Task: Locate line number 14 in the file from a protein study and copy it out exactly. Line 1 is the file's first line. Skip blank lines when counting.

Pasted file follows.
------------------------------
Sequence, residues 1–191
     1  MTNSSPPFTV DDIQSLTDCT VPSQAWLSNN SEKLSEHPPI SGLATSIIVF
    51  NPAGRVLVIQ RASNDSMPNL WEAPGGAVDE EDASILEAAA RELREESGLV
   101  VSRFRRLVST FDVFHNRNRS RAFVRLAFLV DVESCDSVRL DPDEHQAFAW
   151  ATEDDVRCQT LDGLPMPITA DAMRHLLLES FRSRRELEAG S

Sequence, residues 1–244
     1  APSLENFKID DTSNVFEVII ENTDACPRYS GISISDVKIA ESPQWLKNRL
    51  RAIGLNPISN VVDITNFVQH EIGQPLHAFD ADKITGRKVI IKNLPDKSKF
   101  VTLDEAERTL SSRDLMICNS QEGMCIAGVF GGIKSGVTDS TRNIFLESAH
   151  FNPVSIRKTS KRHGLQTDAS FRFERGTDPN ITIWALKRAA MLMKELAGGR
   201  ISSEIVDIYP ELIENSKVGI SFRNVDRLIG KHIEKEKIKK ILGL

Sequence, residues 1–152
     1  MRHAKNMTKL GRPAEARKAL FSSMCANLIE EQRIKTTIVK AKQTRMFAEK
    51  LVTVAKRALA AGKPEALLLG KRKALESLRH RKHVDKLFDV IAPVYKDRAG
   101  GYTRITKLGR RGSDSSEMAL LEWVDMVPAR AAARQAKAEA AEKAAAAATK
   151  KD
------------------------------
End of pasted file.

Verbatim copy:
    51  LVTVAKRALA AGKPEALLLG KRKALESLRH RKHVDKLFDV IAPVYKDRAG